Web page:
The Republic for Which It Stands: The United States During Reconstruction and the Gilded Age, 1865-1896 by Richard White is the latest book in the Oxford University Press’s multi-volume series on the history of the United States. White, a Stanford history professor, has previously written four books on the West, including “It’s Your Misfortune and None of My Own,” A History of the West.

In taking on this assignment, White has made the most of the hand he was dealt, a period not known for dramatic events and charismatic leaders.

In the introduction to his 940-page account, White points out that the era of Reconstruction has often been considered “flyover” country by historians. Many writers and scholars prefer to focus on the Civil War or the more accessible 20th century.

Lord Acton, the great English historian and political leader urged scholars to “study problems, not periods.” White has taken this advice to heart and has divided his book into chapters that address a series of challenges facing the nation in this era of growth and transformation. These topics include, Reconstruction of the South, labor vs. capital, industrialization, women’s rights and the Great Depression of 1893.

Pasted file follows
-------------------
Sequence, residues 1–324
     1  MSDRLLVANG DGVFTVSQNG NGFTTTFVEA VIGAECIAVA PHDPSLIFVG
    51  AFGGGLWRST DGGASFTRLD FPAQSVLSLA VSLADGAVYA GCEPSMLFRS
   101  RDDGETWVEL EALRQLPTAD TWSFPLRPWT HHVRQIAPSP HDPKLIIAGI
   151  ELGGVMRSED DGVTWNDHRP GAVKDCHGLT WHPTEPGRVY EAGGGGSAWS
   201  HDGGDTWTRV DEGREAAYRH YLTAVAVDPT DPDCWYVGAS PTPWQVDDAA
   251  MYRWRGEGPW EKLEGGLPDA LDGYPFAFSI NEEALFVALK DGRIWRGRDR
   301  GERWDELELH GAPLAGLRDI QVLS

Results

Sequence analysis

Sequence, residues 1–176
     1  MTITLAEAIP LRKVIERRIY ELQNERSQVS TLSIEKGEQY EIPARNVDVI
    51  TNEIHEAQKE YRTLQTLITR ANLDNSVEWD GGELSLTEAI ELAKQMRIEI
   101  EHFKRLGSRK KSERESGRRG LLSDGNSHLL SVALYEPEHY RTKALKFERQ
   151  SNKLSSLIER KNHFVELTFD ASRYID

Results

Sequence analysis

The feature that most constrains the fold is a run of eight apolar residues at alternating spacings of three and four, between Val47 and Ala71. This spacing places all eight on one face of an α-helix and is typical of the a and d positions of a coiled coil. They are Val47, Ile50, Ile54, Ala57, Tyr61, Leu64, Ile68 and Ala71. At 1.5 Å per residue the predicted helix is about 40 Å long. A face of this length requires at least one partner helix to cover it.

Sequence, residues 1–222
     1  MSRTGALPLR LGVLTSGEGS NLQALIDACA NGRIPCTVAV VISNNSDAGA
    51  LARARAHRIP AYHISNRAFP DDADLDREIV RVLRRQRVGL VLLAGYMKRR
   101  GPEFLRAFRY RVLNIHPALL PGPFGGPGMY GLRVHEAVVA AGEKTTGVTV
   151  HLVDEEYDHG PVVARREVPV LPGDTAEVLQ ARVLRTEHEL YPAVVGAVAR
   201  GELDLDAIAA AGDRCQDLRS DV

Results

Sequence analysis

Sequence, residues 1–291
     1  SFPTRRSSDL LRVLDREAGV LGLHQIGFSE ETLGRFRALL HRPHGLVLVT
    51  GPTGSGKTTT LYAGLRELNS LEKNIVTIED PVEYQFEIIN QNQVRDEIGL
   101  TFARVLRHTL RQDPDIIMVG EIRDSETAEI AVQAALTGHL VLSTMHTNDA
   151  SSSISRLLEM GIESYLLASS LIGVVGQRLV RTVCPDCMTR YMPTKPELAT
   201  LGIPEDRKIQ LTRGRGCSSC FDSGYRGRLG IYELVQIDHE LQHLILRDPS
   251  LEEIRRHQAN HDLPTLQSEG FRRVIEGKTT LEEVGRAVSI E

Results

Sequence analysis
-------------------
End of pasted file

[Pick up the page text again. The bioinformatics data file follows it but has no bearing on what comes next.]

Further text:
Both parties were divided into factions and often shifted ideologies on local issues. The Republicans had Silver Republicans, liberals and Stalwarts. The Democrats had Mugwumps, Bourbon Democrats and Tammany Hall loyalists.

White does an excellent job of sorting out the various groups, what they wanted and how they impacted national politics.

The book engages the reader with numerous anecdotes and short biographical sketches. The author also takes time to explain some issues that often glossed over in other, wider-scale histories. For example, he carefully walks us through the complex issues involved in the gold standard. This issue, involving abstract concepts about the role of currency, was a factor in every presidential election of the period.

In this effort, White gives a concise portrait of William Jennings Bryan. He explains the imagery of Bryan’s famous “cross of gold” speech in July 1896, why it electrified the crowd and sealed his nomination for president.